What Is Deep Brain Stimulation Benefits Cost Risks
Deep brain stimulation is a surgical procedure that uses electricity to treat brain disorders such as Parkinsons disease. It has been used with much-reported success in Parkinson’s patients and is now being trialed to treat everything from depression to disabilities caused by stroke. Many people with symptoms such as tremor and cognitive impairment are attracted to the benefits of deep brain stimulation but are nervous about the risks and costs associated with surgery. Let’s explore the pros and cons of deep brain stimulation as well as who is eligible.
Dbs In Movement Disorders
Over the past 25 years, DBS has become the standard of care for patients with treatment-refractory motor circuit disorders most commonly PD, dystonia and essential tremor. DBS is highly effective at controlling motor symptoms but remains very resource intensive. To date, use of DBS has been limited to high-income countries, although use in many developing nations is rising. Analysis of a US database of hospital discharges between 2002 and 2011 showed that more than 30,000 DBS surgeries were performed during that time. The numbers of publications on DBS have also risen steeply over the same period, with more than 7,000 manuscripts published between 1991 and 2014 . A drop in the number of publications in DBS for PD over the past 5 years might represent progressive scholarly acceptance, whereby the number of investigations that refine or improve a procedure eclipses the total number of reports assessing initial efficacy.
Surgery: What To Expect
Most people who have DBS need two separate surgeries to implant the necessary equipment.
First, the surgeon will implant the electrodes in the brain. Special scanning equipment will guide them to the correct location.
The surgeon typically starts by fitting a stereotactic head frame to ensure that the persons head remains still during the procedure. They apply local anesthesia to numb the scalp,
Next, they implant a thin wire with electrodes into the brain, followed by a neurostimulator near the collarbone.
The person sometimes needs to be awake during the procedure, so that the neurologist and neurosurgeon can ask questions to monitor their brain function.
One day later, the surgeon implants a pulse stimulator in the persons chest during a second procedure involving chest wall surgery. The surgeon will make a small opening behind the ear, pass the extension wire under the skin, and connect it to the neurostimulator.
When the surgery is complete, the neurostimulator will send electrical pulses to the brain.
Researchers have looked at the benefits of DBS for various medical conditions.
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How Does Deep Brain Stimulation For Parkinsons Work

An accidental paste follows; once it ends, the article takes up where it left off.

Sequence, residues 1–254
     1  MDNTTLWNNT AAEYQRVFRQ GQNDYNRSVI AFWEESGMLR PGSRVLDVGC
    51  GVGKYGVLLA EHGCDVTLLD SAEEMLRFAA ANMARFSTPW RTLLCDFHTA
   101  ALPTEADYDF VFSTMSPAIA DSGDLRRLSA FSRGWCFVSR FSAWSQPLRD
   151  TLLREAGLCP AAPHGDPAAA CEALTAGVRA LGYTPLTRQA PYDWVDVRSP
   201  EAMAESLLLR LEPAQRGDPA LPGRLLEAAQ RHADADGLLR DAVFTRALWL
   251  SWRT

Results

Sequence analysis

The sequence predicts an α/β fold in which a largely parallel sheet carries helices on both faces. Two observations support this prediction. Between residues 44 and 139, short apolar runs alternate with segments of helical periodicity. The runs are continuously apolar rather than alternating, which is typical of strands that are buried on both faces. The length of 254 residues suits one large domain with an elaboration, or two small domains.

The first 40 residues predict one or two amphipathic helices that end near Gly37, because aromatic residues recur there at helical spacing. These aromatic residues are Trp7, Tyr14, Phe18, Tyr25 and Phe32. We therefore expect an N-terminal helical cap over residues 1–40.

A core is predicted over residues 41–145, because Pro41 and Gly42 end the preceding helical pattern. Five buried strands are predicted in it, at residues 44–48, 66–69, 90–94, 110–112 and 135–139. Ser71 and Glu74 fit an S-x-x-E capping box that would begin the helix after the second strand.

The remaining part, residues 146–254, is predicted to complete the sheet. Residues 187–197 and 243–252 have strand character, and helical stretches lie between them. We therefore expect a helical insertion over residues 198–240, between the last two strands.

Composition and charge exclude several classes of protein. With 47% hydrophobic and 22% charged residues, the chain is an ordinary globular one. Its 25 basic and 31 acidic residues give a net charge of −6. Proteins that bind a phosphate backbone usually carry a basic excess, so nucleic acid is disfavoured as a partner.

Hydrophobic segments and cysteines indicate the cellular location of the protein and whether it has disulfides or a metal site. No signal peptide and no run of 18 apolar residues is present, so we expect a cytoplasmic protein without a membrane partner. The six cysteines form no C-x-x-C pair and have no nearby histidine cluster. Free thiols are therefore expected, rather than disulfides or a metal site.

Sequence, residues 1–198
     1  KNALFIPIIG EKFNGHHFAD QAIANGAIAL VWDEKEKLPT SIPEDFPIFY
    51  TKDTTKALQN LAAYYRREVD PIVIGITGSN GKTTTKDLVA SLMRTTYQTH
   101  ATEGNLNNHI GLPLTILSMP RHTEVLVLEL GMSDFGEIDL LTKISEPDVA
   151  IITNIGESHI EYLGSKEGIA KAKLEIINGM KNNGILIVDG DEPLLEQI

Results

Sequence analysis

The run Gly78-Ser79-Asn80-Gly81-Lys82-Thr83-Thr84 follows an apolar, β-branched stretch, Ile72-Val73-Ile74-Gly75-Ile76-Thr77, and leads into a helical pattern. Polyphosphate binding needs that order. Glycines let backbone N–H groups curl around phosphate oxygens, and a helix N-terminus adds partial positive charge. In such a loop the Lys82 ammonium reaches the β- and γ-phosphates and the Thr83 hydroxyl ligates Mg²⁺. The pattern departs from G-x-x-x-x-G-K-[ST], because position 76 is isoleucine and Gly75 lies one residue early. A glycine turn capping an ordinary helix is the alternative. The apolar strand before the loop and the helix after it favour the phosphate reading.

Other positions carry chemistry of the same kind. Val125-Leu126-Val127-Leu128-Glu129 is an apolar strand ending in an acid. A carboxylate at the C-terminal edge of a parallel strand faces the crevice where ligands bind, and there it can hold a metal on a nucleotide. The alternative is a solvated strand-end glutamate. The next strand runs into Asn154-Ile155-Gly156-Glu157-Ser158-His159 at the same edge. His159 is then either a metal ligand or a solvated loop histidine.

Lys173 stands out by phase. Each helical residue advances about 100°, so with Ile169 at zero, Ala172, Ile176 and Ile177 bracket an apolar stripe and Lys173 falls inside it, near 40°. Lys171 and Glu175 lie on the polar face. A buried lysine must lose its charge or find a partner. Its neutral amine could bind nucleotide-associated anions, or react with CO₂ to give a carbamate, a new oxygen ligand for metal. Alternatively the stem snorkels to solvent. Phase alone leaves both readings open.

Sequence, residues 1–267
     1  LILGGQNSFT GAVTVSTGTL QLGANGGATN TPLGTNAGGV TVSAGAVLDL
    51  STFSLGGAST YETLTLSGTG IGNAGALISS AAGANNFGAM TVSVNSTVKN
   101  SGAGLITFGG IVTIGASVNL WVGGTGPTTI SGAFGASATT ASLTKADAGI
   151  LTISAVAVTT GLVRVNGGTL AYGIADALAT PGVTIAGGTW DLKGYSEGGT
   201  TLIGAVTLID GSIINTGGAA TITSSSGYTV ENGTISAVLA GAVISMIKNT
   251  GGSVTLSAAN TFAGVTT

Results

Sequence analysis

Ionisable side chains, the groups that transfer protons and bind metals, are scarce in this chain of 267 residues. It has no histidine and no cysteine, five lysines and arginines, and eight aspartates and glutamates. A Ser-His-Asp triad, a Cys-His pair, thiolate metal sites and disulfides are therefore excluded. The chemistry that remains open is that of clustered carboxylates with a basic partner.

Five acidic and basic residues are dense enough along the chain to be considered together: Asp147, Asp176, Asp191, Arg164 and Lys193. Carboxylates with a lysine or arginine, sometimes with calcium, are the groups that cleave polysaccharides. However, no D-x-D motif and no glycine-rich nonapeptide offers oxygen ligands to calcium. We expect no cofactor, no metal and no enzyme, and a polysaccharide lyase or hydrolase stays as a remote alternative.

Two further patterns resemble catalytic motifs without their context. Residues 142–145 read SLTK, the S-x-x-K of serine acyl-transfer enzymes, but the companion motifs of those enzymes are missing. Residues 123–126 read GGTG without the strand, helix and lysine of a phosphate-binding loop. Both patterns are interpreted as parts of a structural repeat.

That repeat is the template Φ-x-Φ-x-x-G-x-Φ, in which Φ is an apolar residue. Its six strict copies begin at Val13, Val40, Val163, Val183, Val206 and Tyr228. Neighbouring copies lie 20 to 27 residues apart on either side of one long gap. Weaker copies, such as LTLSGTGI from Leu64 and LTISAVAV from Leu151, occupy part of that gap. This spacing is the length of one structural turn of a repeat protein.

Deep brain stimulation works by modifying abnormal electrical activity in the brain. It was first approved for Parkinsons tremors in 1997 and has become an established treatment to control additional motor symptoms of Parkinsons disease.
DBS involves three main components:
- Leads: Leads are implanted in the brain in a region responsible for motor activity.
- Implantable pulse generator : A separate procedure is performed to implant a battery-operated device in the chest or in the abdomen. An IPG is similar to a pacemaker for the heart and has been coined by some as a pacemaker for the brain.
- Extension: A thin, insulated wire is passed beneath the skin between the leads and implantable pulse generator to deliver the electrical stimulation from the pulse generator to the leads.
The target area in the brain is first identified by magnetic resonance imaging or computed tomography . Then, the leads are placed via small holes that a surgeon drills in the skull.
This is considered a minimally invasive surgery that is done in the operating room with local anesthesia. It usually requires an overnight stay.
The IPG is inserted in a separate surgical procedure in the operating room roughly a week later.
After a few weeks, a neurologist begins to program the unit. This process can take several additional weeks to months. When this is completed, people are able to manage the device with a handheld remote control.
Risks And Side Effects Of Deep Brain Stimulation
Like any surgery, deep brain stimulation can have side effects, and it carries potential risks. Its also important to consider the complications and side effects of medications you take since their dosages can often be reduced following surgery.
While DBS may cause side effects, it may also reduce side effects from medications.
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Deep Brain Stimulation Programming For Movement Disorders: Current Concepts And Evidence